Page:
2Be ready for a quiz over this section next time… Tuesday, May 4th AgendaPass back/go over Ch. 18 test/collectBegin Chapter 19: Planet EarthSection 19.1: Earth’s Interior and Plate TectonicsMovie: “Continents Adrift: An Introduction to Continental Drift and Plate Tectonics”Homework:Study Guide: Earth’s Interior and Plate Tectonics“High Up in the Himalayas” WorksheetBe ready for a quiz over this section next time…
3What is Earth’s Interior Like? The Earth is made up of three layers: the crust, the mantle and the core.Crust the thin and solid outermost layer of Earth above the mantleMantle the layer of rock between Earth’s crust and coreCore the center part of the Earth below the mantle
4What is Earth’s Interior Like? Earth’s interior gets warmer with depth.Geologists believe that the mantle is much hotter than the crust, reaching temperatures higher than 1,250° C (2,280° F).The core is hotter than the mantle, reaching temperatures higher than 6,000° C (10,800° F).
6What is Earth’s Interior Like? Radioactive elements contribute to Earth’s high internal temperature.The breakdown of radioactive isotopes uranium, thorium and potassium give off energy that contributes to Earth’s high internal temperatures.
7Chapter 21Plate TectonicsAround 1915, German scientist Alfred Wegener proposed the idea that the continents were once united as a supercontinent and then drifted apart.He pieced the continents together like a puzzle and called the supercontinent they formed Pangaea.Wegener found identical fossils on widely separate continents, which supported his idea.
8Plate Tectonics Evidence for Wegener’s ideas came later. Chapter 21Plate TectonicsEvidence for Wegener’s ideas came later.Wegener’s theory of continental drift was ignored until structures discovered on the ocean floor provided evidence for a mechanism for the movement of continents.Symmetrical bands on either side of a mid-ocean ridge indicate that the two sides of the ridge were moving away from each other and new ocean floor was rising up between them.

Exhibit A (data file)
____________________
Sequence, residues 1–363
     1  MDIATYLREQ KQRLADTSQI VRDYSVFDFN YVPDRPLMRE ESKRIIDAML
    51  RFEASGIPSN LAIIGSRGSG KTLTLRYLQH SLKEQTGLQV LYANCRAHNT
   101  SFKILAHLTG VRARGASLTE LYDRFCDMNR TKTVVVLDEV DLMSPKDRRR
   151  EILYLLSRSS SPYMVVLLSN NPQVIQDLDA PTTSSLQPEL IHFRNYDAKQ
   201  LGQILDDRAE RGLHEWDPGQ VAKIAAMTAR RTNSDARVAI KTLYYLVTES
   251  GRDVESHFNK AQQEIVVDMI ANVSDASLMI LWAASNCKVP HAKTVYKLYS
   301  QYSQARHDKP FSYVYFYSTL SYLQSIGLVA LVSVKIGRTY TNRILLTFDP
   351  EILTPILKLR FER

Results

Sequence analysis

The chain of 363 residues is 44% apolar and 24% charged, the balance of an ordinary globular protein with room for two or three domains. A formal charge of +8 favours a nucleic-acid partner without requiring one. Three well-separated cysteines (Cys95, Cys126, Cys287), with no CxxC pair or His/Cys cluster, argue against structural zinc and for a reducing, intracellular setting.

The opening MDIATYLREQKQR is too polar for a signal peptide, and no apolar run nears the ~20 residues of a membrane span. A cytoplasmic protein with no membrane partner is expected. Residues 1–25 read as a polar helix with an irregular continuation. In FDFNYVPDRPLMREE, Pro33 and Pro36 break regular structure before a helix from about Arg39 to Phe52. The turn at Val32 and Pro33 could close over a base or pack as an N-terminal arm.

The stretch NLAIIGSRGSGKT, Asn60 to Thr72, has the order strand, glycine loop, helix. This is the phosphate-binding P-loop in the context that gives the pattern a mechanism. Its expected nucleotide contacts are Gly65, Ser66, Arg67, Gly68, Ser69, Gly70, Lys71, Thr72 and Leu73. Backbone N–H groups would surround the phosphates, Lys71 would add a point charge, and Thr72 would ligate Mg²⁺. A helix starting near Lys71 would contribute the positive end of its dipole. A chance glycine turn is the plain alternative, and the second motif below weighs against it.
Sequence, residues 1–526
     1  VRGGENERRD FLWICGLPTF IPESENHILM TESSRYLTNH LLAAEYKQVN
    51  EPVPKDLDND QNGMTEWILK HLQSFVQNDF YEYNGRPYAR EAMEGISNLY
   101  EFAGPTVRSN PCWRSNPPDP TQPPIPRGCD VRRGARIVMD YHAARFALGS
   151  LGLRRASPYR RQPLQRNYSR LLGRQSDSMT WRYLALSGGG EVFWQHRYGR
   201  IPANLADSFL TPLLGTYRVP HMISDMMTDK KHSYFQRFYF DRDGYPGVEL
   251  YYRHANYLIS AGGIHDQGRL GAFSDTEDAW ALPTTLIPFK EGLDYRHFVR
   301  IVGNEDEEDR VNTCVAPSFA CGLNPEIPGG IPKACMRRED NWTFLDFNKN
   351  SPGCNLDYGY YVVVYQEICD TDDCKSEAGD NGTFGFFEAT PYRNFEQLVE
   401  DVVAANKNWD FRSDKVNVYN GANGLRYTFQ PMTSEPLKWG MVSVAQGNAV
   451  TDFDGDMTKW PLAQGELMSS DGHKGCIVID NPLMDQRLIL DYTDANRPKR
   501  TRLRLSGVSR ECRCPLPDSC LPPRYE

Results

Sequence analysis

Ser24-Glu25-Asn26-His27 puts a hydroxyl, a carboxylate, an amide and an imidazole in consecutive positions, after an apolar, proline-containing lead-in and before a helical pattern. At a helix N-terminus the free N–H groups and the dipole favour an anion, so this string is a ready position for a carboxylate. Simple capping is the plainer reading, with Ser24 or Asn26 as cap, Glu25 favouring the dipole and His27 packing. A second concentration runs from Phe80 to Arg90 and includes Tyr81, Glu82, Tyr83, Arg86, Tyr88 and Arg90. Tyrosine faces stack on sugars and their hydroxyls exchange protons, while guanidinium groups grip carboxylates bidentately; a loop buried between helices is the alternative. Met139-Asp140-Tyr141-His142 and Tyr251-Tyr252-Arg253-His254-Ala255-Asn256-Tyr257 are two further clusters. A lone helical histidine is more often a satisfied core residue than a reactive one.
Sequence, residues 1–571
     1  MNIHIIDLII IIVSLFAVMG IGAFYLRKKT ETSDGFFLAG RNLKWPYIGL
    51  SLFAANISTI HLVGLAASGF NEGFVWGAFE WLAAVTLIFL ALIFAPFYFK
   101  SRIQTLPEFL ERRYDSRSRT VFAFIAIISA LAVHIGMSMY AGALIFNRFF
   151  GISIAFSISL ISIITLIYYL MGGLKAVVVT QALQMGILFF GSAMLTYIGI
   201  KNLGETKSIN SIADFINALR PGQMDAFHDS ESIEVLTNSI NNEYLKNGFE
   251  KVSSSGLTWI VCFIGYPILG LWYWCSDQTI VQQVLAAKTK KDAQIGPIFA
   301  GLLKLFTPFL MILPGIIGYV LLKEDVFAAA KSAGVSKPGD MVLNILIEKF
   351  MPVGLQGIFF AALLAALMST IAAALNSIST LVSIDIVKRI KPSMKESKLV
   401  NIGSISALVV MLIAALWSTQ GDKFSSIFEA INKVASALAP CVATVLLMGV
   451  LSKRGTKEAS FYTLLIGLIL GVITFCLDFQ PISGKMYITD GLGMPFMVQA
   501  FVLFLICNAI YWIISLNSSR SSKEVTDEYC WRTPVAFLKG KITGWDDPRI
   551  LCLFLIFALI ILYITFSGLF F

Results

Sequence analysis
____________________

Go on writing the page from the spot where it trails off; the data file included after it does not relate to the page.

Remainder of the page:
9Plate TectonicsAlignment of oceanic rocks supports the theory of moving plates.Iron in molten rock aligns itself with Earth’s magnetic field as it cools.The Earth’s magnetic field reverses polarity about every 200,000 yearsThe process is recorded as magnetic bands in rock, based on the age of the rock.Symmetrical bands on either side of the Mid Atlantic Ridge suggest that the crust was moving away from the ridge.
10Plate Tectonics Earth has plates that move over the mantle. Chapter 21Plate TectonicsEarth has plates that move over the mantle.The crust and upper portion of the mantle are divided into about seven large pieces called tectonic plates.Lithosphere the solid, outer layer of Earth, that consists of the crust and the rigid upper mantle
11Chapter 21Plate TectonicsPlate tectonics the theory that explains how the outer parts of Earth change through time, and that explains the relationships between continental drift, sea-floor spreading, seismic activity, and volcanic activity
13Plate Tectonics It is unknown exactly why tectonic plates move. Chapter 21Plate TectonicsIt is unknown exactly why tectonic plates move.One hypothesis suggests that plate movement results from convection currents in the asthenosphere, the hot, fluid portion of the mantle.Another hypothesis suggests that plate movement results from the force of gravity acting on the plates.
14Plate Boundaries Mid-ocean ridges result from divergent boundaries. The border between two plates is called a boundary.Divergent boundary a place where two plates are moving apartNew rock forms between divergent boundaries.Magma liquid rock produced under Earth’s surface
16Plate Boundaries, continued Oceanic plates dive beneath continental plates at convergent boundaries.Plates slide over each other at a convergent boundary.Subduction the process by which one lithospheric plate moves beneath another as a result of tectonic forcesThe area where one plate slides over another is called a subduction zone. Subduction zones produce ocean trenches, mountains, and volcanoes.
17Plate Boundaries Subduction of ocean crust generates volcanoes. Chains of volcanoes form on the upper plate in a subduction zone.These volcanoes can form far inland from their associated oceanic trench.
18Plate Boundaries Colliding tectonic plates create mountains. When two plates collide, mountains are formed at the boundary of the collision.The Himalayas formed during the collision between the continental tectonic plate containing India and the Eurasian continental plate.
19Plate Boundaries Transform fault boundaries can crack Earth. Plate movement can cause breaks in the lithosphere.Fault a crack in Earth created when rocks on either side of a break movePlate movement at transform fault boundaries is one cause of earthquakes.
20Movie: “Continents Adrift: An Introduction to Continental Drift and Plate Tectonics” You’ve taken enough notes today, so you do not have to take notes on the move…
21Homework Study Guide: Earth’s Interior and Plate Tectonics Hint: You will probably need your book to complete the study guide…“High Up in the Himalayas” Worksheet